You Are A Psycho
Humans also created a special military organization called Black Lance Legion, which specialized in space combat against aliens, and trained people into death machines in special space suits that enabled them autonomous short-range space travel. So, our hero here, Mr. Wiggles serial number 13, is an unlikely hero all things considered. He has amnesia, and lost all his skills but reflexes. He has these psychotic fits of aggression, but if you distribute skills and choose items wisely, you discover he is actually very much like you.
The point is, based on the abilities you develop, and you choose them according to your own judgment, Mr. Wiggles acts as you probably would have under the circumstances. I found this detail very exciting, but you have to advance deeper in the game to notice it.
The replay value here is huge. The game consists of five chapters, with Chapter 1 being 496 section, Chapter 2 – 133 sections, and so on. You don’t explore all sections in a go, since you only explore those that follow the line of your choice, leaving the rest behind. Chances are, if you die you will choose a different route at some point. There are checkpoints you can return to if you die, or if you feel you are about to die.
Also, there is a promise of the second book, which is great.
I would not recommend you play it on the go – it requires focus. It is also virtually impossible you finish it in a single session. Chapter One took me about two hours with short pauses to think and have a cup of coffee. Since the story is engrossing, it will keep you pushing further, or exploring alternative options if you fail.
Overall, I can’t even describe what a titanic job has been done knitting all the options and alternatives in this book – it’s great.
Tips and Tricks for the First Chapter
I don’t think these are going to spoil the fun, so just sharing some of the tips that got me through the first chapter:
- Being intelligent is still a good thing, even if by accident
- You will need sixth sense and computer skills, and I wish I knew how to manage that suit
- Beware of the humans
- The robot scene is important, and you really could make use of that mech
- The final scene with the manager – Charisma gets you through
- Oh, and whenever you need to dump an item to take on a new one, think what items you can use right now instead of dropping them, like any medicine that gives you blood points, or any pill that gives you stat point even if you think you don’t need it right now
- Lives – your life is represented by Blood here, and you need to keep an eye on that. Do not ignore medical supplies and every perk that gives you blood points.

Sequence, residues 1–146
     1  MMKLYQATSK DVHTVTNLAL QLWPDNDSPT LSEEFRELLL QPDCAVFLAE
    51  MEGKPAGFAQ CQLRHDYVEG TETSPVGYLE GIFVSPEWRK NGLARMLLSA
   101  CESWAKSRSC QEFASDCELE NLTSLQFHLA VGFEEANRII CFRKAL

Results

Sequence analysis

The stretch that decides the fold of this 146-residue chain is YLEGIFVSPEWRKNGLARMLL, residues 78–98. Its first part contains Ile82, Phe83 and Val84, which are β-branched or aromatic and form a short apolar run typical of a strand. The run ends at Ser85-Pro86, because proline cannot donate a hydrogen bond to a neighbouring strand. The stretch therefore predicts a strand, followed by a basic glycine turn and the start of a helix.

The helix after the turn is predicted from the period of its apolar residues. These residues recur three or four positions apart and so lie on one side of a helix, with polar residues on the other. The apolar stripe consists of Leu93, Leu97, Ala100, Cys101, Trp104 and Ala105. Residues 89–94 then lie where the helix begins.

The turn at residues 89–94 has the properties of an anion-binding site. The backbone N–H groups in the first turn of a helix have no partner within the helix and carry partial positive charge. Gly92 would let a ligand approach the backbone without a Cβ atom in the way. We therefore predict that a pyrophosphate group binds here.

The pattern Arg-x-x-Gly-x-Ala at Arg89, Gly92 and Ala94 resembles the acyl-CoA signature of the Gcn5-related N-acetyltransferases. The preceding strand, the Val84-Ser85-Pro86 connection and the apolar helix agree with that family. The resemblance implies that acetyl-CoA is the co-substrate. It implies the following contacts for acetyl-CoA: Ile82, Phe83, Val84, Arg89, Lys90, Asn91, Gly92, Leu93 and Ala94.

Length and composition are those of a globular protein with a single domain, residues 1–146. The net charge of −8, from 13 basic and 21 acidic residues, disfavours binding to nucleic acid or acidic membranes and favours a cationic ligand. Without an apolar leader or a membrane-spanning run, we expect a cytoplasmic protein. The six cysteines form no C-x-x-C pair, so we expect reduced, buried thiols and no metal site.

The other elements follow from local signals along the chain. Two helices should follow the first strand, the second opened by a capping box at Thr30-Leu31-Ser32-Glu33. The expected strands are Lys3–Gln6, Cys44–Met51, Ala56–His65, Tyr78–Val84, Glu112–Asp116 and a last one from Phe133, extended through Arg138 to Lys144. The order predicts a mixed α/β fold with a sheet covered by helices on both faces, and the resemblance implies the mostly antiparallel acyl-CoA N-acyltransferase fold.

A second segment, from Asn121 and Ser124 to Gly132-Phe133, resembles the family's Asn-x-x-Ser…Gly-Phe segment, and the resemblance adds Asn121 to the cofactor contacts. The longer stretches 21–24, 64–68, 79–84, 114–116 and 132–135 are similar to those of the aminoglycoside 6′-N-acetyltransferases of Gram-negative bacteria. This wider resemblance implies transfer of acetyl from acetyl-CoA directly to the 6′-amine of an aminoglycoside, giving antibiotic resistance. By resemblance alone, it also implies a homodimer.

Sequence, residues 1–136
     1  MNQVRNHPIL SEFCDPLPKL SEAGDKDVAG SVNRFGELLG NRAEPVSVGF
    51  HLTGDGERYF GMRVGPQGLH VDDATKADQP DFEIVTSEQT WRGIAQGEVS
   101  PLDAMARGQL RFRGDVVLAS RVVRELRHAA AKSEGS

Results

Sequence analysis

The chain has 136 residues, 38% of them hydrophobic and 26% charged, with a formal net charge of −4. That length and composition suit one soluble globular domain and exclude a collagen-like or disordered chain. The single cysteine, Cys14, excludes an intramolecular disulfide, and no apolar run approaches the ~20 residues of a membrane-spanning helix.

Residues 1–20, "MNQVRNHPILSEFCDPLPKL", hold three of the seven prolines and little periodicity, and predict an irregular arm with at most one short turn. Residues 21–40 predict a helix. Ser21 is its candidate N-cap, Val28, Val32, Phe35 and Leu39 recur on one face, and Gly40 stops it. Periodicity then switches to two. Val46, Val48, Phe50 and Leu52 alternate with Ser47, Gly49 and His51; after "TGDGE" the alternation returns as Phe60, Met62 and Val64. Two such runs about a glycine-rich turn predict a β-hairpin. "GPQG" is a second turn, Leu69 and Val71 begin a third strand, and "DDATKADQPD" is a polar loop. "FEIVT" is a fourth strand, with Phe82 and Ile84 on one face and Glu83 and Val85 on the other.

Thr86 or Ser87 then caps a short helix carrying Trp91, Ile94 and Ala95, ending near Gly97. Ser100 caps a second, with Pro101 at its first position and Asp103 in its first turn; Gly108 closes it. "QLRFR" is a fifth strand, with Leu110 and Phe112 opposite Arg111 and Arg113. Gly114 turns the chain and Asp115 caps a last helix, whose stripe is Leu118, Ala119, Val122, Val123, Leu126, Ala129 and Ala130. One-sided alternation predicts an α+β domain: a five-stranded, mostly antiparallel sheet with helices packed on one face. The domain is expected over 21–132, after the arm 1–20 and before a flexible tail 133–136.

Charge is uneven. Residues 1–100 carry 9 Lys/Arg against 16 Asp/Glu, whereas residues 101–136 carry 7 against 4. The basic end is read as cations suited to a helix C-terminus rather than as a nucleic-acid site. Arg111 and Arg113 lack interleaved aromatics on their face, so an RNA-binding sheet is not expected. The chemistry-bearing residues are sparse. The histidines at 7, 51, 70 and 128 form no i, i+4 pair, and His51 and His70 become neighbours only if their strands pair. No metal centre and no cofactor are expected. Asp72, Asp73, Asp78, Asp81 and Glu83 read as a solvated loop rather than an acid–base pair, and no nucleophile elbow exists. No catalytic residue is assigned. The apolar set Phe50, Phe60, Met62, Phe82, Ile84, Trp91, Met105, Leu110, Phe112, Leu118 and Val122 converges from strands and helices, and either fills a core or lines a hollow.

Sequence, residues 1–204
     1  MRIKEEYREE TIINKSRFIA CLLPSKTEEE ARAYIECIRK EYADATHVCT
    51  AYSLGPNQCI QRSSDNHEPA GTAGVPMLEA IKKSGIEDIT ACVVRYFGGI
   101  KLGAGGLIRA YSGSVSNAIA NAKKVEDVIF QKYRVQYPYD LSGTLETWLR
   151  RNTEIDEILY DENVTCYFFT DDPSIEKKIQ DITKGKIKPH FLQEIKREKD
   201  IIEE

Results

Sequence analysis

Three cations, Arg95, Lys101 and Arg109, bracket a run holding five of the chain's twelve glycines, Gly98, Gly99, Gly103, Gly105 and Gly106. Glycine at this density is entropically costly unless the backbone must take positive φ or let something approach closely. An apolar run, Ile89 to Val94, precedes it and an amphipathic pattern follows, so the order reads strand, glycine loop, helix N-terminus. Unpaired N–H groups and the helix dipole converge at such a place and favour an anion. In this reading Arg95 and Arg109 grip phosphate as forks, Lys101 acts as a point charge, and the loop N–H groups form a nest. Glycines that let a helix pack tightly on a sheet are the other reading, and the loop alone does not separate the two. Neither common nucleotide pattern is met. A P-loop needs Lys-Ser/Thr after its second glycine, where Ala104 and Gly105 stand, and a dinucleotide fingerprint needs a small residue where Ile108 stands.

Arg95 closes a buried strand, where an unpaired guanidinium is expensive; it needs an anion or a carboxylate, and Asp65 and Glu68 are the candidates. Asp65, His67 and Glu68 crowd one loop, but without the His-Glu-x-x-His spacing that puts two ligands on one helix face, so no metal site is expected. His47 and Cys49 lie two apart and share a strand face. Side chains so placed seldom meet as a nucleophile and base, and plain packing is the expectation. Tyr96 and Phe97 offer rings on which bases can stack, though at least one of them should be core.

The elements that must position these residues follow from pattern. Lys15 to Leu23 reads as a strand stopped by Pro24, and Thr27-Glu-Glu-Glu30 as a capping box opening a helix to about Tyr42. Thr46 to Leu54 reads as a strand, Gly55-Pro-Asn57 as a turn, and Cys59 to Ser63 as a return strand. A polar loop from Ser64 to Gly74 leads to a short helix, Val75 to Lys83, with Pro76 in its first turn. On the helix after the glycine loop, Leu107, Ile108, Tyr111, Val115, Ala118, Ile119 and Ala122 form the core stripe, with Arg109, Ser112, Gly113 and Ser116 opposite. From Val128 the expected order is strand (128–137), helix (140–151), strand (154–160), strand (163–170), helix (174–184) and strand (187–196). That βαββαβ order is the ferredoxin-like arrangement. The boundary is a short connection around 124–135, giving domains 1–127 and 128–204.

- Remain human no matter what happens; don’t underestimate Will
Overall, UI is clean and very sci-fi; the only thing I didn’t find immediately was how to use that medical kit to add me some blood. There is a Menu button on every page, so head there and study the items – everything is straightforward.
The artwork is unique, indeed, but it’s not my favorite part in HMT. For one, there are too little illustrations, and I’d want more of them. Also, the pictures look like an exhibition of modern art and abstractionism, and being a Renaissance art devotee, I just don’t get the knack of dogs looking like mad horses, and men looking like the worst of Dali’s drug-induced creations.
On the other hand, the peculiar art style helps create the atmosphere of rot and decay everywhere.
The sound score is amazing; it helps you focus and immerse yourself into the gameplay, but it sure is depressing. Not catchy, though.
- Great engrossing story
- Immense replay value
- Grim, violent, desperate
- Smart skill system
- Fair outcome based on your decisions
- A lot of gameplay, more than hours and days, I’d say
- No IAPs
- If you don’t like reading, walk by – this game is not for you
- Not enough graphic art, and the protagonist is ugly. As my girlfriend said, maybe if we could shave him, he’d look like Adrian Brodie, but the way he is now leaves nothing to hope for.
- A stat points nag, where you don’t know that you’ve actually added that point until it’s too late, and there is no way to re-distribute the points. Or, at least I haven’t found it.
- Rolling dice to battle may please some, but leave others grumpy
Heavy Metal Thunder gamebook is a great entry in the interactive books niche, and maybe it does not set the benchmark, it sure is a superb, complex net of a gripping story and your personal input that translate into a highly engrossing doomsday adventure. The hero is far from being perfect, which makes his weaknesses and freak spots even more engaging on a personal level. An interesting read, it will still disappoint those who want a lot of visuals and a little reading in their games, though, so read game reviews before you buy them!